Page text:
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Solving the Maxwell equations leads us to, $$\nabla^{2} \vec{E}-\frac{1}{c^{2}}\frac{\partial^2 \vec{E}}{\partial t^2}=0$$ And $$\nabla^{2} \vec{B}-\frac{1}{c^{2}}\frac{\partial^2 \vec{B}}{\partial t^2}=0$$ I am aware that, $$\frac{\partial^2 \psi}{\partial x^2}=\frac{1}{v^{2}}\frac{\partial^2 \psi}{\partial t^2}$$ Represents a (one-dimensional) wave equation. Now,

Questions:-

$(1)$- I was told that the first two equations are for 3-dimensional wave equation. I wonder how to represent it geometrically. I mean how does a three dimensional wave looks like?

$(2)$ How do we know that electric and magnetic components are perpendicular to each other?

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For the first question; Consider the 1 dimensional light, that is to be a wave going in one direction. Two get a sense of a two dimensional wave imagine the waves on the surface of a water, if you have seen one it is a circular wave going in every direction (in everu direction would be a circle pattern on a 2d surface) for a three dimensional just generalize the analogy and think of a spherical shape that is getting bigger and bigger with time a good analogy is the mechanical waves in the air (sound).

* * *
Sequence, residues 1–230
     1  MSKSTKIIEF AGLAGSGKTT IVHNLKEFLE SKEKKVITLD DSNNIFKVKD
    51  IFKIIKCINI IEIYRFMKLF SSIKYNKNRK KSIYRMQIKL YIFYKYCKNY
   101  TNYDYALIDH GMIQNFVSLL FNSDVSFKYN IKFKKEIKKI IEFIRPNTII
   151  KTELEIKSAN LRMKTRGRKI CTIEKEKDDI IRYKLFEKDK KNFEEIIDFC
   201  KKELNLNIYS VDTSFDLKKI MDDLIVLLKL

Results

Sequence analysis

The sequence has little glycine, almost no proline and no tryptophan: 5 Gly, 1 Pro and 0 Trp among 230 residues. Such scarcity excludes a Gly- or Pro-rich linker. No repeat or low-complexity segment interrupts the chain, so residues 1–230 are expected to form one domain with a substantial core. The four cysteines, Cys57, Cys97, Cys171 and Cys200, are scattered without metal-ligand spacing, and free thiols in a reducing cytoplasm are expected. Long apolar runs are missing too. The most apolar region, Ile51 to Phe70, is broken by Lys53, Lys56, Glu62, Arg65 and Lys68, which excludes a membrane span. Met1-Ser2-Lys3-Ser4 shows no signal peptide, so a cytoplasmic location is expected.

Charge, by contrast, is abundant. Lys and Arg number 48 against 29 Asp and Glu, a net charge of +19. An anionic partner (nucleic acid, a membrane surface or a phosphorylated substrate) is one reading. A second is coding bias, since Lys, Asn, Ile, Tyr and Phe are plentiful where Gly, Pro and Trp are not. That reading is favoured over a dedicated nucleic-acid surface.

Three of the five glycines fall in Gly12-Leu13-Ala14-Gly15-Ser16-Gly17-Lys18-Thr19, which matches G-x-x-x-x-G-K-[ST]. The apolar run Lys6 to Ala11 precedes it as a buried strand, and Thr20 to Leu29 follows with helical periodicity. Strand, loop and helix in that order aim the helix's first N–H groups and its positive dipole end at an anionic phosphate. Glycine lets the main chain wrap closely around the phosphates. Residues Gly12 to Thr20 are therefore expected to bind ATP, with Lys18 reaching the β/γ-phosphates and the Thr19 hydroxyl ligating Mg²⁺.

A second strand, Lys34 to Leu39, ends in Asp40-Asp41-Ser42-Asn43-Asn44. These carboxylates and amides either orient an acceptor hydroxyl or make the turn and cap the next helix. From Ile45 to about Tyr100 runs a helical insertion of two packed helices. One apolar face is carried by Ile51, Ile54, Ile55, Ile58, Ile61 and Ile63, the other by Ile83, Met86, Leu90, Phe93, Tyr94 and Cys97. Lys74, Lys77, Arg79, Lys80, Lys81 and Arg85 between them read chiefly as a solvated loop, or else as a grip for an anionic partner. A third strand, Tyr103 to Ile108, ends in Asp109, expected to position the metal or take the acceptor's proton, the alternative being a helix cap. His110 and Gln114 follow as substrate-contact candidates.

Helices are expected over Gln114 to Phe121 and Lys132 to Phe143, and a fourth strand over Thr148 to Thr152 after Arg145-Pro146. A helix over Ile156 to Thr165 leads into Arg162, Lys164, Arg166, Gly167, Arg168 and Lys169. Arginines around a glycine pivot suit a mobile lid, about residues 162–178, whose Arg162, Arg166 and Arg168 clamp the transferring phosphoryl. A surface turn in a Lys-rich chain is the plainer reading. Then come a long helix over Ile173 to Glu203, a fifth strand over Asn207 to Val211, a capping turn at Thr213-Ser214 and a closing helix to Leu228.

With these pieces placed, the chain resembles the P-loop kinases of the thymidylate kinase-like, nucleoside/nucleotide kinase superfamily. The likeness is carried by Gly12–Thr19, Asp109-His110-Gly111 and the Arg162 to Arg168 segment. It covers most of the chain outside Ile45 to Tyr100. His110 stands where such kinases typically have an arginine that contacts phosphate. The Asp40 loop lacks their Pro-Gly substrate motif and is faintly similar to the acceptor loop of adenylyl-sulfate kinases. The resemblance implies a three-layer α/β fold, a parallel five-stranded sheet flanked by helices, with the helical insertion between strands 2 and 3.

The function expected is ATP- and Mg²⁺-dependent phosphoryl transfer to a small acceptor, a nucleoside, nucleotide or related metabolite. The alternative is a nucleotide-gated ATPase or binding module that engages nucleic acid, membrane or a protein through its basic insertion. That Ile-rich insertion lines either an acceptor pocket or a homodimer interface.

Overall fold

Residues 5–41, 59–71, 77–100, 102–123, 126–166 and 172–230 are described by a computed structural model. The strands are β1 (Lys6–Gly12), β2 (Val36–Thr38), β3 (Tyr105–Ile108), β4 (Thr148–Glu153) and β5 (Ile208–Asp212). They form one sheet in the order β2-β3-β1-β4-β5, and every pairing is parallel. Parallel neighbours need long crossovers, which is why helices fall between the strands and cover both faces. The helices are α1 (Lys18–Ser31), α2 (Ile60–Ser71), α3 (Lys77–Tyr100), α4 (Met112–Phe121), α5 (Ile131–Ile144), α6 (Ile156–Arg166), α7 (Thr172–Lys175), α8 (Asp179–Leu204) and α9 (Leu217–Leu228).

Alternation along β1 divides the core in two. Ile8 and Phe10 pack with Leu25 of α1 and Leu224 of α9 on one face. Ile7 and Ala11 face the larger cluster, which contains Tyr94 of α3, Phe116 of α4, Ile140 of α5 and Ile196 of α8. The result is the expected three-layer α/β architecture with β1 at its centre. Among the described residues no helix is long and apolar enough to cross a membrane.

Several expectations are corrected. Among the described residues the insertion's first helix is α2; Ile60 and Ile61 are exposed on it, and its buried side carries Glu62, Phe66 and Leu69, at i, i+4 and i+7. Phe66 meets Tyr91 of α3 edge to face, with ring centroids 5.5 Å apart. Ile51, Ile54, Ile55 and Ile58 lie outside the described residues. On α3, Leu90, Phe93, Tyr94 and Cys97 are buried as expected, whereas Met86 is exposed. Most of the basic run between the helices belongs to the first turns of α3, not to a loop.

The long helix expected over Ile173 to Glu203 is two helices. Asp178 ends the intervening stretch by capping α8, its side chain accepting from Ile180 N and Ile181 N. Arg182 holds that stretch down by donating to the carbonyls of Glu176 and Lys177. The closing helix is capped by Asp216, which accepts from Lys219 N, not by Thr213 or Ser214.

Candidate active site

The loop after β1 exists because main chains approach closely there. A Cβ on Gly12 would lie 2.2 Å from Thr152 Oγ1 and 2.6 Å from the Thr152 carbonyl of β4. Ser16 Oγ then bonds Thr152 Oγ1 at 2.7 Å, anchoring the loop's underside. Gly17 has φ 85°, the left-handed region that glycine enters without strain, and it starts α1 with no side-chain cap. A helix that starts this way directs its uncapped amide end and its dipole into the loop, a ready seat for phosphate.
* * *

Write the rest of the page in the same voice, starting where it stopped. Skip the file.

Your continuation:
For the second question I would wonder since we took these wave equations in Vacuum. Where there's no charge the fields has to satisfy:

$$ \nabla \cdot \vec B = 0 $$ and $$ \nabla \cdot \vec E = 0 $$ Since this is the case, using the curl equations it implies that they must be perpendicular (for instance if the value of $\vec B$ in direction $x$ exists it means that the Electric field has $y$ and$z$ components only and so on. Thus $$ f(E_z,E_x)\cdot E_y +f(E_z,E_y)\cdot E_x+f(E_y,E_x)\cdot E_z $$ and using $\nabla\cdot E = 0$ one can see that the fields are perpendicular.

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